World Bulletin / News Desk
Germany’s new president Wednesday called for de-escalation of tensions with Turkey, stressing the importance of bilateral ties for both countries.
Addressing lawmakers at parliament after being sworn in as the country’s new president, Frank-Walter Steinmeier welcomed recent signals from Ankara towards calming tensions with Berlin, after a weeks-long standoff over Turkish campaign rallies being blocked.
“Reliable signals to reduce tensions are welcome. But unspeakable Nazi comparisons should come to an end,” he said, referring to the Turkish politicians’ sharp criticisms of moves by German local authorities to block planned campaign rallies.
Tensions between Turkey and Germany rose after dozens of rallies were cancelled where Turkish ministers and politicians were scheduled to address their countrymen ahead of Turkey's April 16 referendum.
Nearly 3 million Turkish migrants live in Germany and around half are eligible to vote in the referendum on transition to a presidential system of governance.
Turkish political leaders were outraged at the cancellations, which particularly targeted the Yes campaign of the government, and compared them to Nazi-era practices.
Turning down the tension
Despite tensions, Germany’s federal government distanced itself from the cancellations by local authorities, and also last week gave its approval to Ankara’s request to open polling stations in the country for the April 16 referendum.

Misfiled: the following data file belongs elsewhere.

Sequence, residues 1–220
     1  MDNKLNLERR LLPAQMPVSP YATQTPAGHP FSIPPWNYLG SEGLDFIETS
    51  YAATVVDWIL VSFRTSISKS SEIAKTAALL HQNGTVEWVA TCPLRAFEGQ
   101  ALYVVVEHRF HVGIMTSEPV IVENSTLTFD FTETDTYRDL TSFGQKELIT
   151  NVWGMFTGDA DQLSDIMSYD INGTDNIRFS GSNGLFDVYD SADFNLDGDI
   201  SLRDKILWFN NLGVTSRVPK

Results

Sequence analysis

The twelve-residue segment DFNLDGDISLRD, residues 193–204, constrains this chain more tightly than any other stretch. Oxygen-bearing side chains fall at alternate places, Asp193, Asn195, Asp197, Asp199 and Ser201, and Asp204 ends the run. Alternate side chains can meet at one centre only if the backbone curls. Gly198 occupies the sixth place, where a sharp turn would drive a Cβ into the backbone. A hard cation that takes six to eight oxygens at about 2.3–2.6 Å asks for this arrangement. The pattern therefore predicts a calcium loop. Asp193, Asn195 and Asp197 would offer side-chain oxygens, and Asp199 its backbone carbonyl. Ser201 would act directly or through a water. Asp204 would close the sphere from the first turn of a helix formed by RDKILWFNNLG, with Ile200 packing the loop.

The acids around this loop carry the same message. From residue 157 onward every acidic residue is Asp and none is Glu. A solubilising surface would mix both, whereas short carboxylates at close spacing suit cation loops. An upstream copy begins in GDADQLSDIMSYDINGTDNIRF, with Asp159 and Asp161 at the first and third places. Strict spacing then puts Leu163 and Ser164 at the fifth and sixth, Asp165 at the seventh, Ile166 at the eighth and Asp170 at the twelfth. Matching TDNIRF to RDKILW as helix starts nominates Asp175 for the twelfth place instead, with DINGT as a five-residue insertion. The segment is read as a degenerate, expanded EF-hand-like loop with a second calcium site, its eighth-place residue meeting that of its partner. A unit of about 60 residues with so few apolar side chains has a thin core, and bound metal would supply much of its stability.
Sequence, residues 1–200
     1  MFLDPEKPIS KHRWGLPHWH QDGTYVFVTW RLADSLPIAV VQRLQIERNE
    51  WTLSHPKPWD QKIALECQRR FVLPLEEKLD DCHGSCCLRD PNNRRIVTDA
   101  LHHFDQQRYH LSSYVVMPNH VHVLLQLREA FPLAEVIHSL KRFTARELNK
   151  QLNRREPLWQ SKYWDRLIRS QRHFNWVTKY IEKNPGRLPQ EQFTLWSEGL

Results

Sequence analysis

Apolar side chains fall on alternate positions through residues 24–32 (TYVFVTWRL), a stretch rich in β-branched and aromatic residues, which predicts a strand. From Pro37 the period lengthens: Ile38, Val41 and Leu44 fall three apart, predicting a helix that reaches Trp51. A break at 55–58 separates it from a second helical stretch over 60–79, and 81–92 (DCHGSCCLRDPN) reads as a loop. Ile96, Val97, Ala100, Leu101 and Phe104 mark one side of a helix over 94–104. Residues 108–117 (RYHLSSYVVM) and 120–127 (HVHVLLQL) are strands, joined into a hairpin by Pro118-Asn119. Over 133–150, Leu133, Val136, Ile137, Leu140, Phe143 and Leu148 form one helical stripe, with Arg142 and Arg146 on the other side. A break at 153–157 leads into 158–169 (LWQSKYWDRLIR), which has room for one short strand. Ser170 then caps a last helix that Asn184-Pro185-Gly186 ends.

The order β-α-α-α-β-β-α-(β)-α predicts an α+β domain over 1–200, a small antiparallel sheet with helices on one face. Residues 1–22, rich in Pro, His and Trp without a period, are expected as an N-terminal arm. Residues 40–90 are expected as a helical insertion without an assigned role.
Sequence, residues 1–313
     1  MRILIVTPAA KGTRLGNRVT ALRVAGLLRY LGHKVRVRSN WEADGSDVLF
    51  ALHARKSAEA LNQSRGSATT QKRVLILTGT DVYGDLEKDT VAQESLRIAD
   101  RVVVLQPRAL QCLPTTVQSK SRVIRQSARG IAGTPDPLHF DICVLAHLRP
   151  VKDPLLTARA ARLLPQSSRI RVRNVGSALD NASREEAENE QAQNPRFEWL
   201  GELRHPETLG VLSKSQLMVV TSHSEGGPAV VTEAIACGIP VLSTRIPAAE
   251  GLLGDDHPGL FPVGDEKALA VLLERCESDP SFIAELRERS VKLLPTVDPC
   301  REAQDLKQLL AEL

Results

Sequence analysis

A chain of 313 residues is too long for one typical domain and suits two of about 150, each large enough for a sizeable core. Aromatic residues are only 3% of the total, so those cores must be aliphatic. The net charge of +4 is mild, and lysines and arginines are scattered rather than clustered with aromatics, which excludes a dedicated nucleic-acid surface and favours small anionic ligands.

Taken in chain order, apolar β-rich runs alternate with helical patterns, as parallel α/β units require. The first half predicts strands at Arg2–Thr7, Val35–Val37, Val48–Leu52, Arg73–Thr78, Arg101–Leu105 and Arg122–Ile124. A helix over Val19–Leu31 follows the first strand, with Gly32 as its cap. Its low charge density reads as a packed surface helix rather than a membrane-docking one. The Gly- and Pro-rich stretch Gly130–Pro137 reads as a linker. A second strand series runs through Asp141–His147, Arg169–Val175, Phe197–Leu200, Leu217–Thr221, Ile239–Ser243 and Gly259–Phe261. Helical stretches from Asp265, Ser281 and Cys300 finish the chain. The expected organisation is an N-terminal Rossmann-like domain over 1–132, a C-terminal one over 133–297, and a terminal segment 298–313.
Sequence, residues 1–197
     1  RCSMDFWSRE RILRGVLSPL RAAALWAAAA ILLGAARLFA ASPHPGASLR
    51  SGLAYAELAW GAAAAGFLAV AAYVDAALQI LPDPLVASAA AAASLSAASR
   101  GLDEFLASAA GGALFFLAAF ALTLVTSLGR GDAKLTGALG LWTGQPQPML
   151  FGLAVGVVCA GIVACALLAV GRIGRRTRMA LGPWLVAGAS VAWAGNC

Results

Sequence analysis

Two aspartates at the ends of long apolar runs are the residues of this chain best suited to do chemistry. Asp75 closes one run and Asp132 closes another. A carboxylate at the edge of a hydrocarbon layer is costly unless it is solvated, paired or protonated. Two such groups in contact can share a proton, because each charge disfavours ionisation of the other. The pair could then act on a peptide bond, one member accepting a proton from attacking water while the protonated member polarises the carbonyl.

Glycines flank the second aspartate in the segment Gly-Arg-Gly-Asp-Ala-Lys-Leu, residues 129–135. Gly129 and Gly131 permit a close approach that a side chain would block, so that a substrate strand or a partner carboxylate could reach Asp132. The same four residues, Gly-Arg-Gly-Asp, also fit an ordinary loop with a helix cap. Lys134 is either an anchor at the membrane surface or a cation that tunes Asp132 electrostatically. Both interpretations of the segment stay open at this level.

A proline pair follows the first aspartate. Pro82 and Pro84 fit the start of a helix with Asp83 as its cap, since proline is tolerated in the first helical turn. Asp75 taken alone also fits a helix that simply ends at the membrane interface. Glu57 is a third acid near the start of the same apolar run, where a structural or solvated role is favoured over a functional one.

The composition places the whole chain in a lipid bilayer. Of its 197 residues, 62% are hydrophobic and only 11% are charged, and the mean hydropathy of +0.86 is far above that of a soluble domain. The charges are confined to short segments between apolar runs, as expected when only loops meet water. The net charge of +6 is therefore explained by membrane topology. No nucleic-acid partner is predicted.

Turkish politicians reportedly cancelled some of the rallies planned in Germany for this week, a move welcomed by Chancellor Angela Merkel’s coalition government, as a sign of intention to calm down tensions.
Steinmeier, who served as foreign minister from 2013 until last January, expressed hope for overcoming the recent tensions, and reviving partnership between Germany and Turkey.
The experienced Social Democrat politician praised Turkey’s political reforms and economic development in the last decade during the EU membership process, and once again condemned the foiled July 15 coup attempt last year.
But he also raised expectations for democracy and press freedom in Turkey, urging authorities to release Die Welt daily’s Istanbul correspondent Deniz Yucel, who was detained last month on charges of making propaganda for the terrorist group PKK.